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Life is a Journey, Savor it.


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We Walk

Rails form the perfect pathway for exploring unknown landscapes among familiar neighborhood territory.

Rails form the perfect pathway for exploring unknown landscapes among familiar neighborhood territory.

I’ve been back in the States for nearly equal time to that for which I was abroad (13 months each) and I’m awed that nearly everyday brings fresh reason for reflection. This is my second winter (after escaping two winters in favor of perpetual tropical suns), and I took the day to marvel at a world transformed by the magic of snow, and cold, and ice.

Magnolias await their chance at spring, holding back their buds.

Magnolias await their chance at spring, holding back their buds.

Nashville experiences more deep freezes annually than most would predict for its placement one state solidly below the Mason-Dixon Line. In the burn of consistent summer temperatures of the 90s and 100s, it is impossible to conceive of winters with spending weeks below freezing, much less whitened landscapes. Yet here is the proof. Continue reading


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High-stakes, big rewards Bangkok

More than New York City, Bangkok is the city that never sleeps. Motorbikes zoom past, tuk tuks chug along, street cart grills hiss and fry, people are on the move. And, more than anywhere else I’ve visited during this trip, Bangkok is the city that buzzes most and demands the most from its visitors. It also rewards the determined.

10pm, traffic, moto-taxis, office lights and BTS all full speed ahead.

10pm, traffic, moto-taxis, office lights and BTS all full speed ahead.

Stay attuned, watch where you go, immerse yourself. It’s not safety per se that obliges your full attention but rather a vigilance to not be subsumed, silently and with little fight, which excoriatingly threatens you. Famously when the lead character is lost in the Hangover 2’s Bachelor party Blitzkreig another whispers: “Bangkok has him now, and she’ll never let him go.” There’s no truer line in this Hollywood party blockbuster. Like a sailor on rough, unfavorable seas the existence you so cling to and feel entitled to is at best fickle and fleeting in the merciful grasp of this beast. Don’t forget this merry piece of trivia.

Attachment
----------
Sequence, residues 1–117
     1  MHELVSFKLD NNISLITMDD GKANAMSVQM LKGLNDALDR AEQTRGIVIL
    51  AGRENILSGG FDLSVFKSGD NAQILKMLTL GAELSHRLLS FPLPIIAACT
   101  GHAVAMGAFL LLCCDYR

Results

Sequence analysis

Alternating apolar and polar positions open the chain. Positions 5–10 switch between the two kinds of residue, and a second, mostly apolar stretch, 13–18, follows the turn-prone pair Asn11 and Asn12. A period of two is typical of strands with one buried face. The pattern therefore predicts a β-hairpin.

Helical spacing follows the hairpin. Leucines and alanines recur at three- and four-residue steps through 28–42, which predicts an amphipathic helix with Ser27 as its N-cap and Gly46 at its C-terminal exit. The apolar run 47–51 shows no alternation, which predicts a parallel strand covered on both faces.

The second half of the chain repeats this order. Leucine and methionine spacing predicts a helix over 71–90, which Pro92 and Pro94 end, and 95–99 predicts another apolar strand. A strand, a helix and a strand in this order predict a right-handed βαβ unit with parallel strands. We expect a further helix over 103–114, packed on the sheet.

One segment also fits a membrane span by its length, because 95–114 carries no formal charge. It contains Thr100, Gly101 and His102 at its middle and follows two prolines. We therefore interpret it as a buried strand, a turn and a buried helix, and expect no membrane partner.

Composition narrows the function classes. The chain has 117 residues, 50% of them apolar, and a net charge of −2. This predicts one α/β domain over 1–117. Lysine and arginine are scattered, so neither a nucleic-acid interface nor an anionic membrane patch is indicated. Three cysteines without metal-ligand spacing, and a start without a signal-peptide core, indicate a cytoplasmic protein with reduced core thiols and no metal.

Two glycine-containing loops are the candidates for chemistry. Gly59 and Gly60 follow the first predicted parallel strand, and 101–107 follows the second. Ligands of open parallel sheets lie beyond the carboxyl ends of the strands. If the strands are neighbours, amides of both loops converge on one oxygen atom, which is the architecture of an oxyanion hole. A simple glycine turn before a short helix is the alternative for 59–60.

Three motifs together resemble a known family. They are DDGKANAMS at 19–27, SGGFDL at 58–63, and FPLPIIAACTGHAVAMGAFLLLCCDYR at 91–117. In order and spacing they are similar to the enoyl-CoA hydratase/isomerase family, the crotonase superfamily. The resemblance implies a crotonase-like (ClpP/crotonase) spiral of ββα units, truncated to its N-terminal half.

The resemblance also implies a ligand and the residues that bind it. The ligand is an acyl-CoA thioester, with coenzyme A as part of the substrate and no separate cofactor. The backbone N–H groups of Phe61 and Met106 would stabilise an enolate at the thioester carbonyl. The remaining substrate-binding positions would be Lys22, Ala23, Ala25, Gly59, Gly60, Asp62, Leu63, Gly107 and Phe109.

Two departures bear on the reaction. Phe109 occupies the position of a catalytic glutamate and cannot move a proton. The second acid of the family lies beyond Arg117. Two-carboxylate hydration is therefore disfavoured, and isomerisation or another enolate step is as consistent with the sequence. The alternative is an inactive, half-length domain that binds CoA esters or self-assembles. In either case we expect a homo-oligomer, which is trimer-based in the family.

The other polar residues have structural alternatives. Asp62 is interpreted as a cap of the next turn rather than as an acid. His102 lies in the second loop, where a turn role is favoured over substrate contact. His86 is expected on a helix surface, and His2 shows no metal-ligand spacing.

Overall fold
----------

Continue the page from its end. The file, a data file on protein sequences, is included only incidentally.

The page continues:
For all the effort that Bangkok demands to occupy its havoc, the plight tribulations resurrect generously fruitful. Any long time inhabitant will proudly share their tales of urban conquest–tales akin to epics but which pass as the everyday survival. The citizens are an inexplicable blend of grit and suave, with a determination born out of salmon-swimming-upstream diligence and the finesse enough to navigate with daring, strategic congeniality.

Bangkok rushhour: you're perpetually swimming against the current, gasping for air.

Bangkok rushhour: you’re perpetually swimming against the current, gasping for air.

I can’t really put my finger on this place– it would take lifetimes to map the pulse of these 8.2 million inhabitants–but in my fifth reluctant visit I’m am starting to taste the umami beyond the bitterness. For starters there’s the food: a bounty of it and damn good. Stay away from the touristy places with simplistic names (e.g. “MyThai Love”) instead search out places with humble street fronts and a few poorly lit menu photos. Look tempting? Take a lean 30 degrees to the left or right of the frontman and glimpse the interior. Is it packed with chattering Thais? Go there. Sultry breast of duck with wonton in fresh broth beckons.

Duck with wonton, noodles and fresh broth.

Humble, no-frills duck. Tastes unimaginably better than it even looks.

As you dine observe the customs of the patrons and proprietors. In the best places you’ll find a harried owner darting from table to table with an affable air and dogged love of his offerings. He may even sing to the praises of his dishes, staff and customers. Alternatively scan the room for the hawk eye, the manager/owner who watches over all with precise vision. The servers do not dare look up to catch her gaze but they are profoundly alert to the scrutiny they must constantly bow under.

Typical set up of a street stall. Carts like this can whip out between 3-8 dishes within less than 2 square meters.

Typical set up of a street stall. Carts like this can whip out between 3-8 dishes within less than 2 square meters.

The energy of Bangkok is palpable, like a troop of teenage boys on prom night. Anticipation is placed on every moment and even the briefest lapses in the doting attention of suitors are punished with swift disregard. Flatter the courtesan that is Bangkok. Her beauty may be mysterious and vaguely grotesque yet nothing short of full, consuming yearning (albeit with no promise of reward) will suffice. That is the mystique, the addiction, the folly that Bangkok offers. Play by her rules like an unquenchable but daft suitor; observe and attend to her. Be aware of thine enemies at all times.